Pioneering Reconstruction Reveals Surprising Insights Into Early Dinosaur’s Brain, Eating Habits and Agility

Braincase and endocast of Thecodontosaurus antiquus. From CT scans of the braincase fossil, 3-D models of the braincase and the endocast were generated and studied. Credit: Created by Antonio Ballell with BioRender.com, Thecodontosaurus silhouette from PhyloPic.org

A pioneering reconstruction of the brain belonging to one of the earliest dinosaurs to roam the Earth has shed new light on its possible diet and ability to move fast.

Research, led by the University of Bristol, used advanced imaging and 3-D modeling techniques to digitally rebuild the brain of Thecodontosaurus, better known as the Bristol dinosaur due to its origins in the UK city. The paleontologists found Thecodontosaurus may have eaten meat, unlike its giant long-necked later relatives including Diplodocus and Brontosaurus, which only fed on plants.

Antonio Ballell, lead author of the study published today in Zoological Journal of the Linnean Society, said: “Our analysis of Thecodontosaurus’ brain uncovered many fascinating features, some of which were quite surprising. Whereas its later relatives moved around ponderously on all fours, our findings suggest this species may have walked on two legs and been occasionally carnivorous.”

Thecodontosaurus lived in the late Triassic age some 205 million years ago and was the size of a large dog. Although its fossils were discovered in the 1800s, many of which are carefully preserved at the University of Bristol, scientists have only very recently been able to deploy imaging software to extract new information without destroying them. 3-D models were generated from CT scans by digitally extracting the bone from the rock, identifying anatomical details about its brain and inner ear previously unseen in the fossil.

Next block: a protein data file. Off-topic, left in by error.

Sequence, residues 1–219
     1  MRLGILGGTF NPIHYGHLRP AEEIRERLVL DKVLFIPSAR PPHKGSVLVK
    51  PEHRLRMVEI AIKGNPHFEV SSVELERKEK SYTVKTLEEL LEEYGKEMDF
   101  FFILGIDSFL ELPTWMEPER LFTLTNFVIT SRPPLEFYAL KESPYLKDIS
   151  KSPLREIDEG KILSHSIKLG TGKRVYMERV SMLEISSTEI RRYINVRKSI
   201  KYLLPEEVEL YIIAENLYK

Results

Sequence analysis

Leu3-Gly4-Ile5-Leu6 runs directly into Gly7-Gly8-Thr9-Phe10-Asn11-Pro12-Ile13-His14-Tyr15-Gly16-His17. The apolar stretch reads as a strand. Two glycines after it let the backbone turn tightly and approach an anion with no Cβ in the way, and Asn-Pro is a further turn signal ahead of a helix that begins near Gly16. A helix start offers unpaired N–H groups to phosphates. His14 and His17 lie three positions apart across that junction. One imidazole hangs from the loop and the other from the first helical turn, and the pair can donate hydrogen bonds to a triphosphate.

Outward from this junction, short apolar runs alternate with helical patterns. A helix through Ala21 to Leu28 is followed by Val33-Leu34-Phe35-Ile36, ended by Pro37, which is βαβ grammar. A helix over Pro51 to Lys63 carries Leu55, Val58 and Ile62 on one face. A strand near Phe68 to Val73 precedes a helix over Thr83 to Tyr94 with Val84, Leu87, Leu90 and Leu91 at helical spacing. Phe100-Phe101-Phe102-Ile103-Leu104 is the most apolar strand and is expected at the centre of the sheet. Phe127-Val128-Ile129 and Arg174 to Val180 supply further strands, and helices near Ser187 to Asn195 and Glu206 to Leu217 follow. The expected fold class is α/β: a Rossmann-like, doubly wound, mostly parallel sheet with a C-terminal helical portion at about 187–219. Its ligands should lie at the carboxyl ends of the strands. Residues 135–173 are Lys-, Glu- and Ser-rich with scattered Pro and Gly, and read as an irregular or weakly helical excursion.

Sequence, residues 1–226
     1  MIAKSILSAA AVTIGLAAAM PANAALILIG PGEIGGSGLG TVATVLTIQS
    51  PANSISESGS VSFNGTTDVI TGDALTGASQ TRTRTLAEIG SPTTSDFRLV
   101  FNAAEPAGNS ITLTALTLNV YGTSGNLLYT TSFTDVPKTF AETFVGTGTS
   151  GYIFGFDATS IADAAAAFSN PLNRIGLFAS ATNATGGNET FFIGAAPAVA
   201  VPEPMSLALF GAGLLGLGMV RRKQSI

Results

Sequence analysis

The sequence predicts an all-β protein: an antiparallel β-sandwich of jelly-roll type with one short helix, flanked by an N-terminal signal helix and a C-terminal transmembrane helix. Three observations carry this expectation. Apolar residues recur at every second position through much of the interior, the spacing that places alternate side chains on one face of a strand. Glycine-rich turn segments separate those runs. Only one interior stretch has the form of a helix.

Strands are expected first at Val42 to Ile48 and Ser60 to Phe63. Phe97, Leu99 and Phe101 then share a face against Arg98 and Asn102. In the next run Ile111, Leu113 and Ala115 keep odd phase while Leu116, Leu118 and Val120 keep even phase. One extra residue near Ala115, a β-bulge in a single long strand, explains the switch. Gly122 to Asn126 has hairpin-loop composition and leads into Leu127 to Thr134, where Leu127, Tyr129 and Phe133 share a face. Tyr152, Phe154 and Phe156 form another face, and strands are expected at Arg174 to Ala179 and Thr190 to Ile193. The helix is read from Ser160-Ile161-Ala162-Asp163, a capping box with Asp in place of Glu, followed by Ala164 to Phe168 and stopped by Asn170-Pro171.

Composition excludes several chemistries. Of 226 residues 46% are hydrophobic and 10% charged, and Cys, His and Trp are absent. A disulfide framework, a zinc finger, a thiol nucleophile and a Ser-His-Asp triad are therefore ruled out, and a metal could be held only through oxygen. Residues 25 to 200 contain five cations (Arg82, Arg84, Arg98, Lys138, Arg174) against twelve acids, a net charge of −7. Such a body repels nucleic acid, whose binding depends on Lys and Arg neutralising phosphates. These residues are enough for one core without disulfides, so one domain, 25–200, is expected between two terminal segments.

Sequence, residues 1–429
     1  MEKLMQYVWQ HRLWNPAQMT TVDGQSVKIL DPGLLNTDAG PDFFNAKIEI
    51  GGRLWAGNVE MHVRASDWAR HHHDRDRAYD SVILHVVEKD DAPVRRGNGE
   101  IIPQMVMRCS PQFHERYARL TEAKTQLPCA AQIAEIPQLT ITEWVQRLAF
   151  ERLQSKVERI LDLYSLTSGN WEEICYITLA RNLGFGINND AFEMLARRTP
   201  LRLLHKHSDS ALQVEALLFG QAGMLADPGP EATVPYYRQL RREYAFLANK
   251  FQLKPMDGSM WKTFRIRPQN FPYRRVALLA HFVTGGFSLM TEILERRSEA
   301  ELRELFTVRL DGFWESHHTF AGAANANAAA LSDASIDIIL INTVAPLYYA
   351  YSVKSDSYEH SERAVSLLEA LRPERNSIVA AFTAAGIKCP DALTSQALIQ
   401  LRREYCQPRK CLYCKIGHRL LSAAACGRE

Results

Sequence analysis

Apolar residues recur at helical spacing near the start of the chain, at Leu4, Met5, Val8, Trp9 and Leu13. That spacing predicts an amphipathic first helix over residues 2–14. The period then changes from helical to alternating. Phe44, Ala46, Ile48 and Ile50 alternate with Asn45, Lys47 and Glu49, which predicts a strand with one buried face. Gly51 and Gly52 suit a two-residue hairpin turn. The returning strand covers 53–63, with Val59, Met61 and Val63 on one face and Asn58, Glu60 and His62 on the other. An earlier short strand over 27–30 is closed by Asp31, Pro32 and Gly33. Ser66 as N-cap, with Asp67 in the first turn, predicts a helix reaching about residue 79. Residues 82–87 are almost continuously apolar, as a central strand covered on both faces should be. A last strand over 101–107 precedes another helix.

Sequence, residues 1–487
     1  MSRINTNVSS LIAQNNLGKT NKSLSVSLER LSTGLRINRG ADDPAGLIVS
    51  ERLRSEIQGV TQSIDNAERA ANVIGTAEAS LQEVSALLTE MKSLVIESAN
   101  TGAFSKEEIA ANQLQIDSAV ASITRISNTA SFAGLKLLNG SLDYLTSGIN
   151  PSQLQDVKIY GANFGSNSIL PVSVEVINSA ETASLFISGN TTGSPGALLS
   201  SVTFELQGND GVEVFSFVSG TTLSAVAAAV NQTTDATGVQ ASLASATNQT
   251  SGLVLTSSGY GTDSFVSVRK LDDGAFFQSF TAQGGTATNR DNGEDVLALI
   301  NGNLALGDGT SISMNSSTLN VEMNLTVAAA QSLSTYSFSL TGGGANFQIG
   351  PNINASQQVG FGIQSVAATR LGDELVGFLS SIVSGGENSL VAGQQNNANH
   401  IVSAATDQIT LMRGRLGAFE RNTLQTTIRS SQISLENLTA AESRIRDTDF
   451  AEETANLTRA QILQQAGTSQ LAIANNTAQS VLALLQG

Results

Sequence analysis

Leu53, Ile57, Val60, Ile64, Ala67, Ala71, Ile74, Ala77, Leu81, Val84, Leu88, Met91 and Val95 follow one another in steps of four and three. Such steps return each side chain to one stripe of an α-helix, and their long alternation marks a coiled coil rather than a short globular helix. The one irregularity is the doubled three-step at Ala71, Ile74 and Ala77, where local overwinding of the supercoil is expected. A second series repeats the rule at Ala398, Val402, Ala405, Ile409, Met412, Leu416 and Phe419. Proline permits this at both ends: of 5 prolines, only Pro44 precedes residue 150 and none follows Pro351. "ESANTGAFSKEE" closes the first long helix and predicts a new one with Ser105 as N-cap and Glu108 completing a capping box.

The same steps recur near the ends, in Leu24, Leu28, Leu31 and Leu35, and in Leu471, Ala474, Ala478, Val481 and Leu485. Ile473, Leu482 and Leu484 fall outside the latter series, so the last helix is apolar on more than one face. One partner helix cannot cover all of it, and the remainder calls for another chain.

Evolution of the endocast in sauropodomorphs, Thecodontosaurus’ closest relatives. This group of dinosaurs underwent important changes in brain and inner ear shape during their evolution, which were probably associated to different aspects of their biology. Credit: Antonio Ballell

“Even though the actual brain is long gone, the software allows us to recreate brain and inner ear shape via the dimensions of the cavities left behind. The braincase of Thecodontosaurus is beautifully preserved so we compared it to other dinosaurs, identifying common features and some that are specific to Thecodontosaurus,” Antonio said. “Its brain cast even showed the detail of the floccular lobes, located at the back of the brain, which are important for balance. Their large size indicates it was bipedal. This structure is also associated with the control of balance and eye and neck movements, suggesting Thecodontosaurus was relatively agile and could keep a stable gaze while moving fast.”

Although Thecodontosaurus is known for being relatively small and agile, its diet has been debated.